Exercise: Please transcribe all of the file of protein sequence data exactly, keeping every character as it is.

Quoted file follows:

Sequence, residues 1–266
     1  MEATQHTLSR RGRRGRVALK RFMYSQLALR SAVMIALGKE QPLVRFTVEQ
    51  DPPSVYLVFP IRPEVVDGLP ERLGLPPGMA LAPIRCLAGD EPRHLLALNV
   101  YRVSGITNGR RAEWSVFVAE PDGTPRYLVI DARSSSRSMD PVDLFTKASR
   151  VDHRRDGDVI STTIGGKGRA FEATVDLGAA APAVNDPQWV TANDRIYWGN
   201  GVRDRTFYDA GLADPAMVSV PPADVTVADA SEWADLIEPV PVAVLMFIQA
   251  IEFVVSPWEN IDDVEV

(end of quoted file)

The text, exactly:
Sequence, residues 1–266
     1  MEATQHTLSR RGRRGRVALK RFMYSQLALR SAVMIALGKE QPLVRFTVEQ
    51  DPPSVYLVFP IRPEVVDGLP ERLGLPPGMA LAPIRCLAGD EPRHLLALNV
   101  YRVSGITNGR RAEWSVFVAE PDGTPRYLVI DARSSSRSMD PVDLFTKASR
   151  VDHRRDGDVI STTIGGKGRA FEATVDLGAA APAVNDPQWV TANDRIYWGN
   201  GVRDRTFYDA GLADPAMVSV PPADVTVADA SEWADLIEPV PVAVLMFIQA
   251  IEFVVSPWEN IDDVEV